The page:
top of page
  • Writer's pictureMichelle Weir (Local Democracy Reporter)

Council knows how to increase recycling but dithers around reducing bin size and 3 week collections

Cllr Timothy Gaston

Cllr Timothy Gaston


Mid and East Antrim councillors have been considering their response to a consultation on the future of recycling which could result in smaller household bins.


The borough council’s Environment and Economy Committee has been discussing the local authority’s response to a DAERA (Department for the Agriculture, Environment and Rural Affairs) consultation on the future of waste recycling in Northern Ireland.



The council has said in its response “while we agree in principle with the restriction of capacity for residual waste, we believe it should be left to individual councils to decide how this restriction is delivered through bin size and/or frequency of collection”.


It has also stated: “There is concern that utilising a reduced frequency collection in order to deliver this will have real issues associated with public acceptability.”


The council’s new operations director Shaun  Morley said:


“We are trying to get to a position where we reduce waste and increase recycling.” 


Currently most households in the borough use 240-litre black bins for waste that cannot be recycled.



Bannside TUV Councillor Timothy Gaston said:


“This council should be looking after the ratepayers in Mid and East Antrim. I do not believe that until this chamber makes a decision to go to 180 (litre bins), we should be encouraging a government department to go down that way.


“We are just after inflicting a ten per cent rate increase on our ratepayers. I am not in any way cutting the front-line services.” Cllr Gaston also stated that he was not in favour of “going to a three-weekly collection”.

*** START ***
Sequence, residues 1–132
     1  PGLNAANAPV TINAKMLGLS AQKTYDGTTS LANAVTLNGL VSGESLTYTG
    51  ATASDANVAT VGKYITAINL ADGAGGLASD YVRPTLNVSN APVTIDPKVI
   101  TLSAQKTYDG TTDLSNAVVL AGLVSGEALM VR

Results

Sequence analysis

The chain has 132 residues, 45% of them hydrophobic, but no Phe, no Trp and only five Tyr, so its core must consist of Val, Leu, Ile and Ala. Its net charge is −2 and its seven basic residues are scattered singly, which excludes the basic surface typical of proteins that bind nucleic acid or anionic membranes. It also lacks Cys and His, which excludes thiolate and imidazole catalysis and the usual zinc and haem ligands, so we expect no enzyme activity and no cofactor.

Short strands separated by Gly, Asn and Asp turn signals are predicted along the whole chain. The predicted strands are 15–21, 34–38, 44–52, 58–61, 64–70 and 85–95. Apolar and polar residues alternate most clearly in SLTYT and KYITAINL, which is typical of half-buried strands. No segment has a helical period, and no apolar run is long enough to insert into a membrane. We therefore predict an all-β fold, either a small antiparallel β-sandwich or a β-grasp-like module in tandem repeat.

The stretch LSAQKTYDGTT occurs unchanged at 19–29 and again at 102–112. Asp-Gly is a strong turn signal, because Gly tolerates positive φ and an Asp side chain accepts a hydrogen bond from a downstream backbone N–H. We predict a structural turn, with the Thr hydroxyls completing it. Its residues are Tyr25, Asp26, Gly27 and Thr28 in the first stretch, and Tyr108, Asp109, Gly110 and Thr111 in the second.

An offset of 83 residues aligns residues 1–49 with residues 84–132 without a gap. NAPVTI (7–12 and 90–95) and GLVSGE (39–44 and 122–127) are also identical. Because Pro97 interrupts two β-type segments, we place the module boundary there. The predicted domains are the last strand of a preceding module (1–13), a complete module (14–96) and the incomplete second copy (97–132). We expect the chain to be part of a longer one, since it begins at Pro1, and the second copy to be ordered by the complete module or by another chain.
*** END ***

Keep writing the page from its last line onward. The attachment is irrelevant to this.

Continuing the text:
Mr Morley commented: “If we stay as we are, funding may not be available. Waste harmonisation is largely dependent on funding.”


The council has already applied to DAERA for funding for triple stack bins which would enable uniform waste collection across the borough.



Larne Lough Ulster Unionist Cllr Roy Beggs said:


“Previously, we have been told how quite a high percentage of recycling material has been put into grey bins, nearly 50 per cent.


“I would have thought that in our response,  we need to be saying that the Department needs to run with a NI-wide campaign to encourage material to be put into the correct bin so that it is not just creating a problem but encouraging more recycling.”


Knockagh DUP Cllr Peter Johnston commented:


“The response tends to favour a co-mingled recycling approach. The council, for a number of years, has been battling between triple stack bins or blue bins. The response in the consultation is quite decisive on that.”


The director said:


“Without question, if you want as a council to increase recycling, then a co-mingled service is the way forward. It harmonises the fleet. You just need one type of vehicle. It would be my preference but not my decision. To increase recycling, that is definitely the way to do it.”



Carrick Castle DUP Ald Billy Ashe MBE stated:


“The problem is the amount of waste product coming into the household in the first place. At some stage, we have to tackle that as the issue.”


Cllr Gaston added:


“I would not be in favour of this going ahead with the impression we are going to reduce the frequency or size of our bins.”


Larne Lough Alliance Ald Robert Logan proposed sending the council’s response as it was written. “Bin size is something for later on in this mandate,” he remarked.



Ald Ashe urged not to “get too hung up with this”.


“I would like to see us bringing forward an opportunity to have debate about smaller bins or otherwise. We have had it in the past and rejected it. The policy we currently have is 240-litre bins. We have not changed that. To indicate otherwise would be wrong.”


Braid DUP Ald William McCaughey asked:


“With a different response, does that tie us down to go in any direction as a council or is it simply just a response to a consultation?”


The director confirmed it is just a response to a consultation. “The concept of reducing residual waste has to be the right thing to do. The only way to do that is by reducing bin size and frequency. It does not tie us to anything,” he added.


Coast Road Sinn Fein Cllr James McKeown said he would be “reluctant” to reduce the size of household bins. He asked if the council’s response could include comments made by councillors before seconding the proposal.


Cllr Gaston said that he was against.

留言


bottom of page